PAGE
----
Ninety Lost Pages of the First Printing of a Seminal Work of Jewish Law Have Been Found

For traditional Jews around the world, the central code of Jewish law is the 16th-century Shulḥan Arukh, composed by the great Spanish-born sage Joseph Karo. This work is a consolidation of Karo’s commentary on an earlier work, the Arba’ah Turim (“Four Rows”) of Jacob ben Asher (ca. 1269-1343), a German sage who immigrated to Christian Spain with his father—himself a great Talmudist—and embodied a synthesis of Ashkenazi and Sephardi schools of learning. Part of this work was recently acquired, in the rarest of forms, by the National Library of Israel. The Jerusalem Post reports:

The National Library of Israel in Jerusalem announced on Tuesday that it has obtained 90 singular pages from the earliest period of Hebrew printing.

The pages come from the only known copy of a late-15th-century edition of Rabbi Jacob ben Asher’s Arba’ah Turim, one of history’s most important works of Jewish law. No complete copies of it have survived, and the pages acquired . . . are not found in any other collection in the world, public or private. Prior to the acquisition, the library already held 59 pages from the book.

Works published prior to 1500 are known as “incunabula” (from the Latin for swaddling clothes, cradle; the earliest stage of something). During this period, less than 200 total Hebrew titles were printed, of which around 150 have survived until today. The National Library of Israel has copies of more than 80 of them.

Read more at Jerusalem Post

More about: Halakhah, Jewish press, Rare books, Shulhan Arukh

The Ugly Roots of Ireland’s Anti-Israel Policies

Prime Minister Varadkar’s meretricious messaging concerning the freeing of a kidnapped child is only one example of the Irish government’s perverse reaction to Hamas’s assault on Israel. Varadkar has accused the IDF of pursuing “something approaching revenge” in Gaza, and compared the Israeli war effort to Russia’s invasion of Ukraine. His parliament, meanwhile, came close to expelling the Israeli ambassador. Terry Glavin writes:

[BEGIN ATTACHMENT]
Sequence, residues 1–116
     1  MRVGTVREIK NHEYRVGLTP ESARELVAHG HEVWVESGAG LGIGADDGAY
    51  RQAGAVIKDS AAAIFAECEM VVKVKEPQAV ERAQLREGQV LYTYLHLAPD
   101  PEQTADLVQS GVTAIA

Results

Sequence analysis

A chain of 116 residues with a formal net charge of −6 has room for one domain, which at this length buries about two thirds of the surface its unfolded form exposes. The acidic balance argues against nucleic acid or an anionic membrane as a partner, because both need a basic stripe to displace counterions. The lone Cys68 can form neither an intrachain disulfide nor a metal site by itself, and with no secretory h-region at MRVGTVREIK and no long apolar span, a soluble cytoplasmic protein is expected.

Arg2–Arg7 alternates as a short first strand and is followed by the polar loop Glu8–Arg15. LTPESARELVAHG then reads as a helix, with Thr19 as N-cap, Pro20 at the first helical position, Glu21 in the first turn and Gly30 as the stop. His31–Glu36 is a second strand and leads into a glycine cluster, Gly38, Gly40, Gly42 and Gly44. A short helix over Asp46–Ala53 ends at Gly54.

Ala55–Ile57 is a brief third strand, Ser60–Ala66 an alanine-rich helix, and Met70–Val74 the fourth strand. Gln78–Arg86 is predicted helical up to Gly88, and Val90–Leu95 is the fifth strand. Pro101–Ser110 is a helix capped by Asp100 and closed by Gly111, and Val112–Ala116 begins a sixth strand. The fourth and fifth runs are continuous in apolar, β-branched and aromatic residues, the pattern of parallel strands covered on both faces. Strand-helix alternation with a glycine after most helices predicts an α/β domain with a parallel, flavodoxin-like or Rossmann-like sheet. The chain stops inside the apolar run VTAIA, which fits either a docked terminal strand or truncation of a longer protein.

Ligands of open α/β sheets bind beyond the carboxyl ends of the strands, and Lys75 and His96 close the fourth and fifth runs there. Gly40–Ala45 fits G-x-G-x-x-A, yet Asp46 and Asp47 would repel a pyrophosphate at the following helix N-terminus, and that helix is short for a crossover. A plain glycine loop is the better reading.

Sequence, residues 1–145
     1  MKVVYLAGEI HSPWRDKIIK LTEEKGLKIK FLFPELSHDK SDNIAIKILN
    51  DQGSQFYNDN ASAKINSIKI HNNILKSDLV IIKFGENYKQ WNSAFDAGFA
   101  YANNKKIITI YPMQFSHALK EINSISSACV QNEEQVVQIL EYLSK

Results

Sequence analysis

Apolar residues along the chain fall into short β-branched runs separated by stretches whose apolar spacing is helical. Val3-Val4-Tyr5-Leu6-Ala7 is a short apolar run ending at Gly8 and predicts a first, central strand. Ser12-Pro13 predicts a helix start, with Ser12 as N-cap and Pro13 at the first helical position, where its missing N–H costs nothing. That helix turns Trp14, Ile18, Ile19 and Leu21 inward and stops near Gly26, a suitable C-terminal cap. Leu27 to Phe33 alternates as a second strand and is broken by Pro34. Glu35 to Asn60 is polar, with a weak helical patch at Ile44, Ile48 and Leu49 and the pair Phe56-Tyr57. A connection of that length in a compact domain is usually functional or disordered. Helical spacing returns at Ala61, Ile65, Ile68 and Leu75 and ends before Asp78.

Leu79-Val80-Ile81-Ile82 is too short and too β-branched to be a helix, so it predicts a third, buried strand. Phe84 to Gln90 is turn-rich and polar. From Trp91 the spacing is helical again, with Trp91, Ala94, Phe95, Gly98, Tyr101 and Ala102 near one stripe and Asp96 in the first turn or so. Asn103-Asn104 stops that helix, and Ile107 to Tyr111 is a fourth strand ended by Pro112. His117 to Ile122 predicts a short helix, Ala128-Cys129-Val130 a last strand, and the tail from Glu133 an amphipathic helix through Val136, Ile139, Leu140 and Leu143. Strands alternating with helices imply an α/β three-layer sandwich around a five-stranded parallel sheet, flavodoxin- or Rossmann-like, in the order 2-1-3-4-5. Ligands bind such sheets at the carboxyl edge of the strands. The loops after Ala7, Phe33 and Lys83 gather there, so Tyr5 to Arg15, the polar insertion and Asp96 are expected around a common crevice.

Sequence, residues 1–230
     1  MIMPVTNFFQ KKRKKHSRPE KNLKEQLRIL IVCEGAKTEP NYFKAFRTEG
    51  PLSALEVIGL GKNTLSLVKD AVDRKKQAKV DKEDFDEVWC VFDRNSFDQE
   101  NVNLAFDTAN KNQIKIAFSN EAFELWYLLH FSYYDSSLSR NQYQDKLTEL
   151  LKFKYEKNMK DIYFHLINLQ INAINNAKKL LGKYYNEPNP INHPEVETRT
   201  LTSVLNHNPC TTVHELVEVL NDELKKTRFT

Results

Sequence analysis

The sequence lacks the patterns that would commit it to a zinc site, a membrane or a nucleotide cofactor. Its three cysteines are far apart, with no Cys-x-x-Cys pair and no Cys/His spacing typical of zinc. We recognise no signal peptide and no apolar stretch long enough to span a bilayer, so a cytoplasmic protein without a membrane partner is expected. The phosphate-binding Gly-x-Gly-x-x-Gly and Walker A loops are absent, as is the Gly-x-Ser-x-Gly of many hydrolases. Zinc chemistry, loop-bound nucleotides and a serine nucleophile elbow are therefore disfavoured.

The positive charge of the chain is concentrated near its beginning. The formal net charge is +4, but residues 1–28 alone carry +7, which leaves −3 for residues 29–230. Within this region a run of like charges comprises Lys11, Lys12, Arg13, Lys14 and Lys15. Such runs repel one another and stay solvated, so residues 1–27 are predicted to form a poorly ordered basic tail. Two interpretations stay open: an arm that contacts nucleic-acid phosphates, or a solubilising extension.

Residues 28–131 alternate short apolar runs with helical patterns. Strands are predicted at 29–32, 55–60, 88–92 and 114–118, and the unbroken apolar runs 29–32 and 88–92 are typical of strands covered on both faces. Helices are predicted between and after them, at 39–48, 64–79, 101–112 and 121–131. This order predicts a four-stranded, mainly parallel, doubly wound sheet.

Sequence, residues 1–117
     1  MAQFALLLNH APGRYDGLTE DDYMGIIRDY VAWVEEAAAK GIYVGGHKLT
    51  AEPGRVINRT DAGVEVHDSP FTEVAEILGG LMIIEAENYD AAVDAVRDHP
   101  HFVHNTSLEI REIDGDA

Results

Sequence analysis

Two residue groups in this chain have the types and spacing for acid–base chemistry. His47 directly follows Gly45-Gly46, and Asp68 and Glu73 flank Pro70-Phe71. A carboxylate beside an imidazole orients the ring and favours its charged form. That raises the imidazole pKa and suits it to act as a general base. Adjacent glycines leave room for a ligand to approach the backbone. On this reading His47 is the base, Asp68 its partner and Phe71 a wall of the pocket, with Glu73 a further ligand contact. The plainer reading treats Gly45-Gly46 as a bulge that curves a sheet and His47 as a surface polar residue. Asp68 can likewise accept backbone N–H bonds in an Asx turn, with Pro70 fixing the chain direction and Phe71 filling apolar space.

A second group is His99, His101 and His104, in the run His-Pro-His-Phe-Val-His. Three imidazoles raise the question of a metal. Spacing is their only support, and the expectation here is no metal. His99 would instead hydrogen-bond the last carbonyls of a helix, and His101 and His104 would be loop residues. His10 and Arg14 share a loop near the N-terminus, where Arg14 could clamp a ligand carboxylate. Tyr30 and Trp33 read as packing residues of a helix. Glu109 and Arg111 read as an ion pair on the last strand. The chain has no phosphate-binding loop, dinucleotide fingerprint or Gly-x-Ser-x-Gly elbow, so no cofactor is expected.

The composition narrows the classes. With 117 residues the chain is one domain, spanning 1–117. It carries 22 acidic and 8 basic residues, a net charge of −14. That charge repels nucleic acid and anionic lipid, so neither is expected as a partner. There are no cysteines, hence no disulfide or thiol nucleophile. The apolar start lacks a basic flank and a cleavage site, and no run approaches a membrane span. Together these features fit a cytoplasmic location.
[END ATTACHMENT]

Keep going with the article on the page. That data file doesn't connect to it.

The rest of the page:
In a recent interview, . . . the retired Irish diplomat Niall Holohan put it this way: “We feel we have been victimized over the centuries. It’s part of our psyche—underneath it all we side with the underdog.” But there’s something else in the Irish psyche that’s impolite to mention in the comfy Dublin pubs and bistros. . . . Not a few of Ireland’s gallant and celebrated champions of the underdog, its heroes of Irish freedom, were vulgar anti-Semites and Nazi collaborators.

And in recent years, Irish Jews are commonly baited, harassed, and badgered every time there is some eruption in Israel involving Palestinian “resistance.”

The republican pamphleteer Arthur Griffith approved [of anti-Jewish agitation in Limerick in 1904], calling Jews “usurers and parasites.” Griffiths was one of the founders of Sinn Féin, in 1905, and he served as Sinn Féin’s president in 1911.

There was always a deep division in the Irish nationalist movement between Irish republicans who felt an affinity with the Jews owing to a shared history of dispossession and exile, and Catholic extremists who ranted and raved about Jews. Those Catholic shouters are still abroad, apparently unaware that for half a century, Catholic doctrine has established that anti-Semitism is a mortal sin.

Read more at National Post

More about: Anti-Semitism, Gaza War 2023, Ireland